Secretary chairs, I believe, are not named for the person currently known as an administrative assistant, but for the piece of furniture called a secretary. A secretary is a tall cabinet, the lower part is drawers, the upper part has glassed doors to display knick-knacks, china, whatever, and in between is a fold-down panel that makes a desk. This piece of furniture would be prominent in a house. When a person wanted to write a letter, etc, they would drag a small, lightweight stool to the secretary and fold down the desk.

In the days when most people worked in factories, the only person with a desk was the manager. Hence, a 'manager' chair is basically any desk chair.

The executive chair is mostly to show that the person sitting in it is important, hence the leather.

5 days ago
top

Pollution In China Could Be Driving Freak Weather In US

bws111 Re:Polution tax (157 comments)

Say what? Median household income in the US is $51K. The poverty line for a family is about $2K/month, and 15% of the people are below that. There is no support at all for your claim that 'most families' in the US live on $1000/month.

about a week ago
top

Fifty Years Ago IBM 'Bet the Company' On the 360 Series Mainframe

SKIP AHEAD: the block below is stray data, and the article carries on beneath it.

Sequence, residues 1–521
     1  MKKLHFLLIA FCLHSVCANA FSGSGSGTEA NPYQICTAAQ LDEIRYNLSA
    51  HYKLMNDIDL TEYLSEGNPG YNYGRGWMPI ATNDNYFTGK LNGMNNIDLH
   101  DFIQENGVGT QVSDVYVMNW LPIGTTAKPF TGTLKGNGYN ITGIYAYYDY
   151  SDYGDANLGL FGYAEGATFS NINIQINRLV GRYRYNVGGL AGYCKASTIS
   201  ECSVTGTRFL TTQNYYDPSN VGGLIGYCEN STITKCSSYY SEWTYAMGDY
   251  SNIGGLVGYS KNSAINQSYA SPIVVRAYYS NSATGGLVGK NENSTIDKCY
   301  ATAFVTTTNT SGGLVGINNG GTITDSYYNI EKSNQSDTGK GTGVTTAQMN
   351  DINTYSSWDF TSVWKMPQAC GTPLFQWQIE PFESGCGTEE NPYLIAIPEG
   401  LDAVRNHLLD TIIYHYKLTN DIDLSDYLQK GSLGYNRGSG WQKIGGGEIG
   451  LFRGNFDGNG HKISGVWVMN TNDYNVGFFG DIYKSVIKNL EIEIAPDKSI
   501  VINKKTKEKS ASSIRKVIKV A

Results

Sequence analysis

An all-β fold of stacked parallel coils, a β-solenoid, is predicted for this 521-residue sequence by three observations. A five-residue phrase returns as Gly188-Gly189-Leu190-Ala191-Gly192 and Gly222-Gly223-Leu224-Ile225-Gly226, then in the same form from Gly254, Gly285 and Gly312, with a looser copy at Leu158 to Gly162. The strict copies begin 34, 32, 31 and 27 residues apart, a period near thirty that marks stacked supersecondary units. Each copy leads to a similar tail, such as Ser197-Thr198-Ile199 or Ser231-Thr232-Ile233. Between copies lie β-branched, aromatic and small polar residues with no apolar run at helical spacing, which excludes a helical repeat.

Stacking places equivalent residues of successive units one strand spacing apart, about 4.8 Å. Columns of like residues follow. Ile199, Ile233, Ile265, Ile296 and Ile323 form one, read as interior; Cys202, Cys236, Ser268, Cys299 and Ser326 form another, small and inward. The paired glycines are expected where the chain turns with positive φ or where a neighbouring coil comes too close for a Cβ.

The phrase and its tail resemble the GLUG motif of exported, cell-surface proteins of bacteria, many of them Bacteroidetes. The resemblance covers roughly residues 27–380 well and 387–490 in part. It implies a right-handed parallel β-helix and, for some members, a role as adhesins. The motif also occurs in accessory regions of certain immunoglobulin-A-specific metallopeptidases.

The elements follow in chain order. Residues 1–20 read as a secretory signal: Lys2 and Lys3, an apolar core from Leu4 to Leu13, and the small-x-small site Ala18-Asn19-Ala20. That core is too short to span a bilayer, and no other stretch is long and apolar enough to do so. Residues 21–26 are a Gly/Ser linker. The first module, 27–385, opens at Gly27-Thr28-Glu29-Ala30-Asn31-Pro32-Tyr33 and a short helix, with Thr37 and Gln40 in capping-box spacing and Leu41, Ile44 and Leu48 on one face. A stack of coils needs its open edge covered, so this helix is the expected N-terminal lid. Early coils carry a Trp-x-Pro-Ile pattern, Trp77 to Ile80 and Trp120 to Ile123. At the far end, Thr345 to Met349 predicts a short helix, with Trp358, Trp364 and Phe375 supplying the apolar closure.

bws111 Re:stack instructions? (169 comments)

There are no push/pull instructions. There have been 'program call' and 'program return' instructions since the 80's, but these are complex instructions used for switching between addressing modes, address spaces, etc. Just the description of how they work takes almost 17 pages in the POP.

about two weeks ago
top

Fifty Years Ago IBM 'Bet the Company' On the 360 Series Mainframe

bws111 Re:Virtual Machines (169 comments)

Trust me, I know infinitely more about it than you do.

You said 'because of capacity on demand...'. This is, in fact, false. The thing that lets them control the performance and configuration of the machine is not 'capacity on demand', it is 'Licensed Internal Code Controlled Configuration.' The use of LIC CC also allows them to offer 'capacity on demand', but they are not the same thing, and LIC CC does not require COD. Also, notice the name of that facility, it should give you a clue as to what is actually licensed.

Having said that, I already explained why multiple performance levels are offered. Why would you pay (for hardware and software) for more performance than you need?

about two weeks ago
top

Fifty Years Ago IBM 'Bet the Company' On the 360 Series Mainframe

bws111 Re:Virtual Machines (169 comments)

You have no idea what you are talking about. "Capacity on demand" has nothing to do with why a BC would run at 1/100 it's capacity (and there is no such thing as a 'base' model.)

In the mainframe world software is often priced by the capacity of the machine it is running on. Therefore, a customer who does not require speed can save significant money by ordering a machine that has had it's capacity reduced. That saves money on both the hardware and software.